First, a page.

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Alabama Immigration Enforcement Law Has A 'Chilling Effect' In Classrooms, Critics Say

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Alabama's controversial new immigration enforcement law is fostering an environment of fear in the state's classrooms that's affecting all students, leading critics of law said during a Wednesday conference call.

The new law requires that all schools verify the immigration status of children enrolling for the first time. State education officials estimated that over 2,000 latino students -- or about 7 percent of Latino students -- were absent from Alabama schools on Monday, the first day the new law came into effect. This represents an 80 percent increase from the previous Monday.

The absences have provoked questions from fellow students, said Roseann Rodriguez, who counsels in Birmingham schools on behalf of the Hispanic Interest Coalition of Alabama, a nonprofit organization dedicated to the empowerment of the Hispanic community in Alabama.

“My sixth graders of African American descent were asking me if they were going to have to go back to Africa,” she said in the teleconference, which was hosted by Latino advocacy group National Council of La Raza.

There is a "fear factor out there that is written between the lines of the law," Rodriguez added, that's having a "chilling effect" on Alabama classrooms.

Although the law took effect earlier this week, the Obama administration has filed for an appeal, along with various teachers unions and advocacy groups.

Sam Brooke, Attorney for the Southern Poverty Law Center, said that there is widespread misunderstanding about the implications of the law, provoking parents to pull their children out of school at an alarming rate.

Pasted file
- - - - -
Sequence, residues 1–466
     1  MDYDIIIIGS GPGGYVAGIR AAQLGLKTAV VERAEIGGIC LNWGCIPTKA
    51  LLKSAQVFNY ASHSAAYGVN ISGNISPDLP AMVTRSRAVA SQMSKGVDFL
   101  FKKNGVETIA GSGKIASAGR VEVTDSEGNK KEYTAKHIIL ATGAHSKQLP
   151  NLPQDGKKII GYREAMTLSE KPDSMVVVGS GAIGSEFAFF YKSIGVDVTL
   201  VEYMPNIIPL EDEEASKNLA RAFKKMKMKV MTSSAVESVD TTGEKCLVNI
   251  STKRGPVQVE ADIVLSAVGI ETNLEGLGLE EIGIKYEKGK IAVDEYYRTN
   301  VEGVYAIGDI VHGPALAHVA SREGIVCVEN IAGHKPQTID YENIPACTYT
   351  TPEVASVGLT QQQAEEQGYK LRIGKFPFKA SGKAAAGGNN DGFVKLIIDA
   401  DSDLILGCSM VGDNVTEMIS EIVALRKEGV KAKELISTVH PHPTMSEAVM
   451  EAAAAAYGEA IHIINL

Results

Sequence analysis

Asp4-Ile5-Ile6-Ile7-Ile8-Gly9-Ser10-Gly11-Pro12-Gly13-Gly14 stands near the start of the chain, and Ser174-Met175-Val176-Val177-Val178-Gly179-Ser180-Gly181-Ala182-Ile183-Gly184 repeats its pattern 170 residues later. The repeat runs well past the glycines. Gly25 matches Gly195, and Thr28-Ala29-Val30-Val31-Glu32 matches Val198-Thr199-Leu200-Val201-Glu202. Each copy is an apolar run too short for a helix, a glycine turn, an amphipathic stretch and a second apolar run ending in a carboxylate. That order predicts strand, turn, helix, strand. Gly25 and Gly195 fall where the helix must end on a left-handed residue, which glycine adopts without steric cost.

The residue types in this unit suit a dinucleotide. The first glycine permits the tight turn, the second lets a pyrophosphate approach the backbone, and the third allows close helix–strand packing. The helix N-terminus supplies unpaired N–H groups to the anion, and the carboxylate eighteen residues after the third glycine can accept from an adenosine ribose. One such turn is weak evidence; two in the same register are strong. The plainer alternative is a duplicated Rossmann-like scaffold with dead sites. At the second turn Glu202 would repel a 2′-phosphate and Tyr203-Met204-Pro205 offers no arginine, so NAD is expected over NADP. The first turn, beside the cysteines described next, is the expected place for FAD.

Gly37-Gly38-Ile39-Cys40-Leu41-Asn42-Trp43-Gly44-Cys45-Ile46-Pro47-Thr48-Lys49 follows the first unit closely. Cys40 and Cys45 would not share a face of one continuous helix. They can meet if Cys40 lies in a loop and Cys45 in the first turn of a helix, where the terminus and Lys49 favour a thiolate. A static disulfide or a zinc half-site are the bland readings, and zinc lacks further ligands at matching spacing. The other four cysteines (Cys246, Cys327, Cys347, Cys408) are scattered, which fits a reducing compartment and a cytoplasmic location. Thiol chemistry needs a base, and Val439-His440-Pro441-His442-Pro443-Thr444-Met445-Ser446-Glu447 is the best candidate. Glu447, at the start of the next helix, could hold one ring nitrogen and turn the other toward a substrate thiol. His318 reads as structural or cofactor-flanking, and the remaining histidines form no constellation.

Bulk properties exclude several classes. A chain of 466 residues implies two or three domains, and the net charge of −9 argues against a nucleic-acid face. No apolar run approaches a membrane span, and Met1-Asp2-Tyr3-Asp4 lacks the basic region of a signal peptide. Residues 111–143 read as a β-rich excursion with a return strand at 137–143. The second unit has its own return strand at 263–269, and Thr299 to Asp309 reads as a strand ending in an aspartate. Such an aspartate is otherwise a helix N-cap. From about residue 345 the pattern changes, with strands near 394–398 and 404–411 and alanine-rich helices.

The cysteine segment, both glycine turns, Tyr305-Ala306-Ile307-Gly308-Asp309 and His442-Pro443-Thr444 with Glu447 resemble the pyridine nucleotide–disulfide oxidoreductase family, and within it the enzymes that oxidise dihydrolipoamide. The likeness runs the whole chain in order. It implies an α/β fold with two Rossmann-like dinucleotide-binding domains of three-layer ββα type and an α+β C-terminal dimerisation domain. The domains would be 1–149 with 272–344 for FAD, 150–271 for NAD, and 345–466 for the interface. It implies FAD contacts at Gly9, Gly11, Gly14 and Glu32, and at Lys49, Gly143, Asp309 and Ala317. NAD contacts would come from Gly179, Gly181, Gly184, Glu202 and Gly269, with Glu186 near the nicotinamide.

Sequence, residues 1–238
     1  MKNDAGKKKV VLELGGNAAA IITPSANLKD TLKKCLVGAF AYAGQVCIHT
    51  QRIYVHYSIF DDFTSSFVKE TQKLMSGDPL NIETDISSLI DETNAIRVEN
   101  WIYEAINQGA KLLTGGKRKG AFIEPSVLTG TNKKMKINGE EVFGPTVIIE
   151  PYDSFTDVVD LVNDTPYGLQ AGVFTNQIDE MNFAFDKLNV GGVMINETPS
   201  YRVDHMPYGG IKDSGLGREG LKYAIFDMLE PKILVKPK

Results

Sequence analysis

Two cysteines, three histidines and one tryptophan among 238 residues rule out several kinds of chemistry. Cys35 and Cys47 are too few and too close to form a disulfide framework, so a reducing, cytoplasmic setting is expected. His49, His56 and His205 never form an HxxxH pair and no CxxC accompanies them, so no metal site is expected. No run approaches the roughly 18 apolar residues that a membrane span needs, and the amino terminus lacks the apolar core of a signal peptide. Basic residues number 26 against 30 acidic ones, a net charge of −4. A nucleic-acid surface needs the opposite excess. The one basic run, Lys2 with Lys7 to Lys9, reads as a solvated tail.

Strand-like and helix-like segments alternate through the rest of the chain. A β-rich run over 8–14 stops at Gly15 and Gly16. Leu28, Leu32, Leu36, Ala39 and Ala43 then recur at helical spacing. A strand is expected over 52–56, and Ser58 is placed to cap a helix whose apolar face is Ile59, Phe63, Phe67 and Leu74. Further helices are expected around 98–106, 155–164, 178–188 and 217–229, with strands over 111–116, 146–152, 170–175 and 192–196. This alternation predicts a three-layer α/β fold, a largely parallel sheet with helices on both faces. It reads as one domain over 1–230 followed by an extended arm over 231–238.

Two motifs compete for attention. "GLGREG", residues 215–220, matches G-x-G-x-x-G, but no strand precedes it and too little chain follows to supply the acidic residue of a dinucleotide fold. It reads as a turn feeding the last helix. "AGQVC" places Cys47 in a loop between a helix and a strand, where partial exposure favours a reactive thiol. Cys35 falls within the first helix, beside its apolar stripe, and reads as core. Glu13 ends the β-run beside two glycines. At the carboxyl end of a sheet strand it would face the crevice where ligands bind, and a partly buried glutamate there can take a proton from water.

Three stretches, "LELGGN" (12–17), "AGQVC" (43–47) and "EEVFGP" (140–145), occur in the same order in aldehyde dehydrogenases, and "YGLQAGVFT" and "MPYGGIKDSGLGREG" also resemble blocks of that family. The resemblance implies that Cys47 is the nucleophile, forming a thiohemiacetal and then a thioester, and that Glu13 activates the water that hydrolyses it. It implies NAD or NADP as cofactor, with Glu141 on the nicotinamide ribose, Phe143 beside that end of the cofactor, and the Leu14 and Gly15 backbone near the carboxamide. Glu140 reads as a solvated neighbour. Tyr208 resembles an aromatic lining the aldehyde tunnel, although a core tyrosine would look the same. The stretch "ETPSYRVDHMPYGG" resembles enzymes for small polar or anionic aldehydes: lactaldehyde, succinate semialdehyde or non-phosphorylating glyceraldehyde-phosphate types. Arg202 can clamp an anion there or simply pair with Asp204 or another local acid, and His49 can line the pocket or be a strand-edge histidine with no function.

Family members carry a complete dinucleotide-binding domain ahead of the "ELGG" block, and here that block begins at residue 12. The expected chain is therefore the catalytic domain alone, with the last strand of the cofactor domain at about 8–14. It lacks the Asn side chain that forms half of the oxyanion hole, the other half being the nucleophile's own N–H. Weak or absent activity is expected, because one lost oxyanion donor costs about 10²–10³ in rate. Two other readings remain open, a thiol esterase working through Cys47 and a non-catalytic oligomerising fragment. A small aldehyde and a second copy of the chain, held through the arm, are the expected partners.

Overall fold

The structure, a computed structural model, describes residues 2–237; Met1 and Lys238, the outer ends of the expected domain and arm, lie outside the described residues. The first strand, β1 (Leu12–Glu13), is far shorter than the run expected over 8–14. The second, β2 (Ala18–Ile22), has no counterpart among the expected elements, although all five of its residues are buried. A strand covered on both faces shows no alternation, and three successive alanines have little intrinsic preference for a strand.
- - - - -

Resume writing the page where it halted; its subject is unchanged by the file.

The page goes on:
School officials have ensured that immigration status will not be used to identify individual students. Interim state superintendent Larry Craven said in a statement on Monday that this information will only contribute to “statistical data,” presumably to determine how much is spent on educating undocumented students.

"We would like all parents and students to know, regardless of whether the enrolling student has an original or certified copy of their birth certificate, the student will be enrolled and receive full participation in all of the academic, co-curricular and extra-curricular programs that will be offered by the local school system," Craven said.

State authorities also sent school "sample letters" for parents of new students informing them of the new requirements and also trying to calm their fears, the Associated Press reported. “Rest assured that it will not be a problem if you are unable or unwilling to provide either of the documents,” said the letter.

Critics say despite the state’s efforts to assure families, the new law has instilled an atmosphere of fear.

The Associated Press reported last week that in Montgomery County, “more than 200 Latino students were absent the morning after the judge’s Wednesday ruling." In a "tiny" town called Albertville, 35 students withdrew in one day, and in Shelby County about 20 students “either withdrew or told teachers they were leaving."

Janet Murgiua, President of the the National Council of La Raza, said in the conference call that it is “not just immigrants, or Latinos affected by this law, but all residents of Alabama." Murguia said the law is the “greatest educational crisis in the state since Jim Crow,” adding that it is more disturbing than the Arizona’s controversial SB1070 immigration law because it affects schools.

"It’s another thing to have the target of a decision affect children. This not only goes against our constitution, but against our values,” Murguia said in the teleconference.

"Educators should not be put in the position of being immigration law enforcers," said Randi Weingarten, President of the American Federation for Teachers. Educators are now also tasked with answering their students questions about what the law means and why their friends are missing from class, informed Weingarten in the teleconference. "Nobody wins when a law pushes children into the shadows of society. Teachers should be safety nets, not snitches -- guardians, not guards," she said.

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